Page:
Having a flight schedule so busy that we only got time to eat box lunches, the bologna sandwiches, chips, and a piece of fruit were certainly welcome during the brutal schedule of flight ops.

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Service Reflections of MMC Kenneth Parment, U.S. Navy (1981-2004)

Service Reflections of MMC Kenneth Parment, U.S. Navy (1981-2004)

PRESERVING A MILITARY LEGACY FOR FUTURE GENERATIONS The following Reflections represents MMC Kenneth Parment's legacy of his military service from 1981 to 2004. If you are a Veteran, consider preserving a record of your own military service, including your memories and photographs, on Togetherweserved.com (TWS), the leading archive of living military history. The following Service Reflections is an easy-to-complete self-interview, located on your TWS Military Service Page, which enables you to...

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Service Reflections of AOM2C Barnett Solomon, U.S. Navy (1944-1946)

Service Reflections of AOM2C Barnett Solomon, U.S. Navy (1944-1946)

PRESERVING A MILITARY LEGACY FOR FUTURE GENERATIONS The following Reflections represents AOM2C Barnett Solomon's legacy of his military service from 1944 to 1946. If you are a Veteran, consider preserving a record of your own military service, including your memories and photographs, on Togetherweserved.com (TWS), the leading archive of living military history. The following Service Reflections is an easy-to-complete self-interview, located on your TWS Military Service Page, which enables you...

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Service Reflections of CS2 Ronald Berg, U.S. Navy (1963-1974)

Service Reflections of CS2 Ronald Berg, U.S. Navy (1963-1974)

PRESERVING A MILITARY LEGACY FOR FUTURE GENERATIONS The following Reflections represents CS2 Ronald Berg's legacy of his military service from 1963 to 1974. If you are a Veteran, consider preserving a record of your own military service, including your memories and photographs, on Togetherweserved.com (TWS), the leading archive of living military history. The following Service Reflections is an easy-to-complete self-interview, located on your TWS Military Service Page, which enables you to...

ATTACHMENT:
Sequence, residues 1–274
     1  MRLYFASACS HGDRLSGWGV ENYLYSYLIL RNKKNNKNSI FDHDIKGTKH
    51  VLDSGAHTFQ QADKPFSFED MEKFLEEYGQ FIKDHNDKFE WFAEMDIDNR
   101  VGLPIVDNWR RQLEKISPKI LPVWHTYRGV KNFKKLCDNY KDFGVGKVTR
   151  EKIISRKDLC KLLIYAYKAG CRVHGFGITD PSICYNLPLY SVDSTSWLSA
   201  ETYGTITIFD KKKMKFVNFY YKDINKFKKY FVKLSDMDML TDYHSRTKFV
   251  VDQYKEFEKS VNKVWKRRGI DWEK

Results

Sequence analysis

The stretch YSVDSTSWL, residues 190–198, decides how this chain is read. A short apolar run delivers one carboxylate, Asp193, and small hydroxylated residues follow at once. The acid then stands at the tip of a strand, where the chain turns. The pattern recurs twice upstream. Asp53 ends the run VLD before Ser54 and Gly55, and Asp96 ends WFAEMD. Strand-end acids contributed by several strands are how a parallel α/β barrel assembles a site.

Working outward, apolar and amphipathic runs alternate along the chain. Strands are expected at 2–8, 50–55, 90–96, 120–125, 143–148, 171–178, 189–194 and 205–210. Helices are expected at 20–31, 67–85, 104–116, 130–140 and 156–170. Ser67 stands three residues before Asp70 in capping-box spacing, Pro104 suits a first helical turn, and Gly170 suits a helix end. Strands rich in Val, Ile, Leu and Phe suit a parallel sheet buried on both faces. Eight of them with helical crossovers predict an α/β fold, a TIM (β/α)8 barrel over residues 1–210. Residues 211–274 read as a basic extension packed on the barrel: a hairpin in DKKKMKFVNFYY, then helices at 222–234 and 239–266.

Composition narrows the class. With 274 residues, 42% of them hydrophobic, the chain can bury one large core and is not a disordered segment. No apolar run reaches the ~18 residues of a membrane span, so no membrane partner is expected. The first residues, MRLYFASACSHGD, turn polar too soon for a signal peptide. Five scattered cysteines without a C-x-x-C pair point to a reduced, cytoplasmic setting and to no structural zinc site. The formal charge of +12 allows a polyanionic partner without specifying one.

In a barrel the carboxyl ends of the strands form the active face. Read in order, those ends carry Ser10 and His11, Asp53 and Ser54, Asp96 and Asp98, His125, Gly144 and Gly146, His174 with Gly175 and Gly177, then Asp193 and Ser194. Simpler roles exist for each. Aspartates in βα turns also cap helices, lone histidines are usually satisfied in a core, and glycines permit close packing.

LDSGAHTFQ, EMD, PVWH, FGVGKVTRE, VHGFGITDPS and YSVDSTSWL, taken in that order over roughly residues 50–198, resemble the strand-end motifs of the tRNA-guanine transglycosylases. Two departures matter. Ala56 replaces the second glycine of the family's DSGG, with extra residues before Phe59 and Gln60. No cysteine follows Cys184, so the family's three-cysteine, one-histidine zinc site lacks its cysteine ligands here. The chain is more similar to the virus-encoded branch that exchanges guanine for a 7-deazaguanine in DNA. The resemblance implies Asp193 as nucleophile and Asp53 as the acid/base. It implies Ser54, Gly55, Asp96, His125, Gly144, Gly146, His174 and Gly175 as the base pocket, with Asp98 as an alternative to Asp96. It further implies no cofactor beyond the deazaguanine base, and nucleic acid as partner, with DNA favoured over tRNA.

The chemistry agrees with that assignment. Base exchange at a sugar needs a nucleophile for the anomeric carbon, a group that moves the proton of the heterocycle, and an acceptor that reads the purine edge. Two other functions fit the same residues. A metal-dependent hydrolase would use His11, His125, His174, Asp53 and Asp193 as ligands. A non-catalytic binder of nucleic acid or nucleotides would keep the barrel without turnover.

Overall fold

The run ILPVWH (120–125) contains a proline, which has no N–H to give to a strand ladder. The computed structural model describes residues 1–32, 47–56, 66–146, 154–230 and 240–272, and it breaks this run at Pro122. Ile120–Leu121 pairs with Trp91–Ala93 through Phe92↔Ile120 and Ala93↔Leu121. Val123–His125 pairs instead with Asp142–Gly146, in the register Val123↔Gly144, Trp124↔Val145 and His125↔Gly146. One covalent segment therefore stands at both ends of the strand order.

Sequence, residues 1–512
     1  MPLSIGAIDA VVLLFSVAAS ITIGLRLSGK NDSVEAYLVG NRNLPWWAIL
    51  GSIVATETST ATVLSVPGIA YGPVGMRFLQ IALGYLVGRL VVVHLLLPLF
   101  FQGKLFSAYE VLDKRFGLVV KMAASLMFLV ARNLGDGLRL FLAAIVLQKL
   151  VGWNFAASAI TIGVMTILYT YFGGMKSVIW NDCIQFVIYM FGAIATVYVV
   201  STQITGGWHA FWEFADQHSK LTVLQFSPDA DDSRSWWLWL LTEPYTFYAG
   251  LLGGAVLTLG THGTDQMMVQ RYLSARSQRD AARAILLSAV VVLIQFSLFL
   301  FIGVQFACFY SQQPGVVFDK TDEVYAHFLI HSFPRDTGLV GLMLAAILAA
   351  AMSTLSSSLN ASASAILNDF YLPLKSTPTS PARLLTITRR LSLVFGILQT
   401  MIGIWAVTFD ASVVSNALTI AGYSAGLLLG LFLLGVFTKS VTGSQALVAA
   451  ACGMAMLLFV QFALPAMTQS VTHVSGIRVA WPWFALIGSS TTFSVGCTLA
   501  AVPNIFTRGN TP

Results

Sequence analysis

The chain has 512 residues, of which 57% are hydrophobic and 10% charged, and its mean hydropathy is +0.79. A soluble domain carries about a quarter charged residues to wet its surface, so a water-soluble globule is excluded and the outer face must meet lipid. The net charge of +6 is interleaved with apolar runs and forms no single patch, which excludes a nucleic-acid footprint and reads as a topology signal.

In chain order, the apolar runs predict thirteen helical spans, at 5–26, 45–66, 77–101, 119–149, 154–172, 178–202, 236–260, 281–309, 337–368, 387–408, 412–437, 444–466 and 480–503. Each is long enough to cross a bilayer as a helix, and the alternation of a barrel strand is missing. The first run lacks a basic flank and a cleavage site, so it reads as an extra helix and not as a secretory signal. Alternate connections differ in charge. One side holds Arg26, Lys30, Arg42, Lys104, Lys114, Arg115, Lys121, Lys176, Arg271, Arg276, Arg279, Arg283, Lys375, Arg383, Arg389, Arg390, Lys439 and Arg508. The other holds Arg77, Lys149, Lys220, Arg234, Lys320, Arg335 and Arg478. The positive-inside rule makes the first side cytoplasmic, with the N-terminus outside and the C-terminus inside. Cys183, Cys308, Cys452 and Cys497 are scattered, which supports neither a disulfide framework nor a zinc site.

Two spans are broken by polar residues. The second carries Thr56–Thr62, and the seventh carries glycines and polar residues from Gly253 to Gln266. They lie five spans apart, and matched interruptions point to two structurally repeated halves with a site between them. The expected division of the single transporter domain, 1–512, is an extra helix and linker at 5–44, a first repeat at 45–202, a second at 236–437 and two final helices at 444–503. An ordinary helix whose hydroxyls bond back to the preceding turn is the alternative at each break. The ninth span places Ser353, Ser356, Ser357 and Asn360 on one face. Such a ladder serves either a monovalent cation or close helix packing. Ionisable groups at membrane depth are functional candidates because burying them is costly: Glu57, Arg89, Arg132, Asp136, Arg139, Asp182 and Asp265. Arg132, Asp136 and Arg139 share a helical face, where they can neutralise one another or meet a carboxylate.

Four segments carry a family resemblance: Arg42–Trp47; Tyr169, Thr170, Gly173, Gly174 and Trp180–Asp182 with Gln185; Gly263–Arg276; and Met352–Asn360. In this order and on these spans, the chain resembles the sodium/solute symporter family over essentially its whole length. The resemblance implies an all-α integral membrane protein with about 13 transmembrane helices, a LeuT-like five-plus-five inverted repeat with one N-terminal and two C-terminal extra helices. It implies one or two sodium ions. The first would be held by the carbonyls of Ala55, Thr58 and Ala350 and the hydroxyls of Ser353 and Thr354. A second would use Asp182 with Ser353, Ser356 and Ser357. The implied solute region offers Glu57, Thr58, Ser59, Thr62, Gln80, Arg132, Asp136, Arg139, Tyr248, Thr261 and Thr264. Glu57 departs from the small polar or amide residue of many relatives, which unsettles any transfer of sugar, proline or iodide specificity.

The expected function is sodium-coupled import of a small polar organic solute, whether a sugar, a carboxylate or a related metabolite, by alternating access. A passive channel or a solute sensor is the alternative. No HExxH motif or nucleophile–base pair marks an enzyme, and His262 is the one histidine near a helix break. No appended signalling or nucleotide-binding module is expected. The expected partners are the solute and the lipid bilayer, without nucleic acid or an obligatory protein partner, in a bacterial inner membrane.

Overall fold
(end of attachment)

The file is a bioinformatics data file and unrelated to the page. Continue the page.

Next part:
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CDR Denise McCallaCreary, U.S. Navy (1973-2000)

CDR Denise McCallaCreary, U.S. Navy (1973-2000)

What personal and professional achievements from your Military service are you most proud of and why?:

I retired with the rank of Commander, United States Navy. During my career, I garnered medals, friendships beyond my wildest dream, and a master’s degree from the Naval Postgraduate School and Navy War College. While these achievements are extremely meaningful to me, what I am most proud of was being elected in 2019 by my peers to the position of National President — making me the first female National President of the National Naval Officers Association (NNOA) in 50 years. As a 15-year-old teenager arriving from Kingston, Jamaica, landing in the cold, freezing city of Chicago, Illinois, my dreams were small. After being taken out of my high school in Jamaica, when I was set to graduate, I knew I would need my diploma to succeed in a new country. Failure was not an option. I would have to graduate and go to college. As for what college or vocation I should have strived for, I had no clue.

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Does the U.S. Military Really Use Saltpeter to Calm the Urges of Basic Trainees?

Does the U.S. Military Really Use Saltpeter to Calm the Urges of Basic Trainees?

This old legend might be the first military myth new recruits come across, and it might have been around for as long as saltpeter itself. Despite the combined efforts of science, health education, and common sense, somehow, the myth of the military adding saltpeter to the food or beverages in basic training still persists.  History with Using Nitrated Sodium Salts Why would the Army, Navy, Air Force, Coast Guard, or Marine Corps do such a thing? The legend says they would add saltpeter to...

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USS Midway Historic Aircraft Carrier & Naval Museum

USS Midway Historic Aircraft Carrier & Naval Museum

The USS Midway aircraft carrier is America’s most popular naval warship museum. Located in downtown San Diego, the museum is open 10am to 5pm 7 days a week, closing only for Thanksgiving and Christmas Day. The museum holds over 700 events a year, from Navy retirements and re-enlistments to changes of command. What is the USS Midway Known For? Commissioned after the culmination of World War II, the USS Midway was one of the longest-serving aircraft carriers of the 20th century. The United...